Betting the House for Rhode Island

Isn’t it interesting that just about the time the State of Rhode Island enters the table-game casino business, legislators would begin to think that this language in the General Laws might be, well, inconvenient?

11-19-17  Invalidity of instruments won in bets on races or fights. –  All bonds, notes, judgments, mortgages, deeds or other securities, as well as promises, given or made for money, lands, houses, or other property, or article or piece of property, real, personal, or mixed, won at any game, or by betting at any race or fight, or for the repayment of money knowingly lent for such gaming or betting, shall be utterly void.

The legislative history dates the law back to 1896, with changes made every fifteen years or so until 1956, after which it remained untouched.  Nothing inspires the government to take another look at how people can use their money and assets so well as developments that put the government in a position to take ownership of that money and those assets.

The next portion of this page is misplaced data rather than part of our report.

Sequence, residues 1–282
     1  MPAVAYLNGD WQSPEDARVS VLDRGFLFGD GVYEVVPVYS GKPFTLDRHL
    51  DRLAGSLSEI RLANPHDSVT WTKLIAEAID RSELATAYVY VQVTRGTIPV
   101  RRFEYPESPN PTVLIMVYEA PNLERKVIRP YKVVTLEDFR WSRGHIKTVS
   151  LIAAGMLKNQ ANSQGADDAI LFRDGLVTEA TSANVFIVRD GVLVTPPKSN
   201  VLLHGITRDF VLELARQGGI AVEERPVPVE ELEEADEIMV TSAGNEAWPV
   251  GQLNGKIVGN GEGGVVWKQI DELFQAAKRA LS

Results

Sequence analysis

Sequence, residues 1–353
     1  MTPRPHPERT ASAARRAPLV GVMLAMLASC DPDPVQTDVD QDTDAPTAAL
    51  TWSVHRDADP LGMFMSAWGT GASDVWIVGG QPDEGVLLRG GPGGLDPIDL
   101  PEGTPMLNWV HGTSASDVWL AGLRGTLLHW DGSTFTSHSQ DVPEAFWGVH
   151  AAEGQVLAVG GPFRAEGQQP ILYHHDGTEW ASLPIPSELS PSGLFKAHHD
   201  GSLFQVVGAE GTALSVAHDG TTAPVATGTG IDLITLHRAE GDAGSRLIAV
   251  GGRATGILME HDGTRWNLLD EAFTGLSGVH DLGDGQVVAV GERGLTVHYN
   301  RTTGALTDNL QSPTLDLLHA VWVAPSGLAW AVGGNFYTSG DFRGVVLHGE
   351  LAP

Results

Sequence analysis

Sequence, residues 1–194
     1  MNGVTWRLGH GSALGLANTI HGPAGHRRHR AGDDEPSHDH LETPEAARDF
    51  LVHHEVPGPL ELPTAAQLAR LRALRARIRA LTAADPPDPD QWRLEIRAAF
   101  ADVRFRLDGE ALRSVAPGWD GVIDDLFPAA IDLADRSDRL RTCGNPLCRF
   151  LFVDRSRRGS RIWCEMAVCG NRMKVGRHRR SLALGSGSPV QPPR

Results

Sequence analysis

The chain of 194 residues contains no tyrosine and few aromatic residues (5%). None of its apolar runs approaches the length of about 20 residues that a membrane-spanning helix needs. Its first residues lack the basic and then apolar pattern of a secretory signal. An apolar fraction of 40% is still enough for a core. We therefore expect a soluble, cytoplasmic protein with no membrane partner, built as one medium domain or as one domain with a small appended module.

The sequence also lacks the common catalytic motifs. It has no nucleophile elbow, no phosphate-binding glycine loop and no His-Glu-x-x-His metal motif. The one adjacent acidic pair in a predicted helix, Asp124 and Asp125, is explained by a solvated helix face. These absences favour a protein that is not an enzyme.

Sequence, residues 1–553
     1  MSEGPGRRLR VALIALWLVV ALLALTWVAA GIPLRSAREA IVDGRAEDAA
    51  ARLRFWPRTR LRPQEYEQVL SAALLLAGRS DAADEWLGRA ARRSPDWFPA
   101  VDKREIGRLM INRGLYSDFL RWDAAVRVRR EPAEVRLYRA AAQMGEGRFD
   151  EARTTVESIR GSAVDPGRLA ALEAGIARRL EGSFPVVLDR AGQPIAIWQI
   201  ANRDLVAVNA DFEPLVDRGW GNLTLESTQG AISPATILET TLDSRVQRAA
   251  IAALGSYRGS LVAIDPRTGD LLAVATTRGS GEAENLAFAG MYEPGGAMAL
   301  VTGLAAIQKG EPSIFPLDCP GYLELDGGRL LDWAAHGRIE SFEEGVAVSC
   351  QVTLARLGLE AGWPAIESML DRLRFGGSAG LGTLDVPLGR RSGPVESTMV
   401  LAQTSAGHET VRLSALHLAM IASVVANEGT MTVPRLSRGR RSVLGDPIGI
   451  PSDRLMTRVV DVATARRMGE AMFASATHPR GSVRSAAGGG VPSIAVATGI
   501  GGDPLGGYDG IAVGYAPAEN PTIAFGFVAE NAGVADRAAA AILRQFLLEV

Introduced last week, as the legislative session enters its downhill phase, H6125 would repeal that section of the law entirely, making the change “retroactive and prospective,” meaning that if a retired couple has already lost their house and retirement account at gambling by the time the law goes into effect, the government and the casino that it operates will still be able to cash in. This is a rather stark example of what small-government advocates mean when they worry that, when government enters a particular market, it will tend to adapt that market to its own needs, giving itself a competitive advantage while maximizing the extent to which it can profit.

Here are the five sponsors listed on the bill:

  • Edith Ajello (D, Providence)
  • Maria Cimini (D, Providence)
  • Robert Craven (D, North Kingstown)
  • Donna Walsh (D, Charlestown, New Shoreham, South Kingstown, and Westerley)
  • Larry Valencia (D, Richmond, Exeter, Hopkinton)

Beyond increasing state revenue, other policy implications aren’t immediately clear.  If the legislators get creative, perhaps they could transform it into a pension problem fix by putting slot machines in all state offices to allow government employees to gamble their future pensions away.

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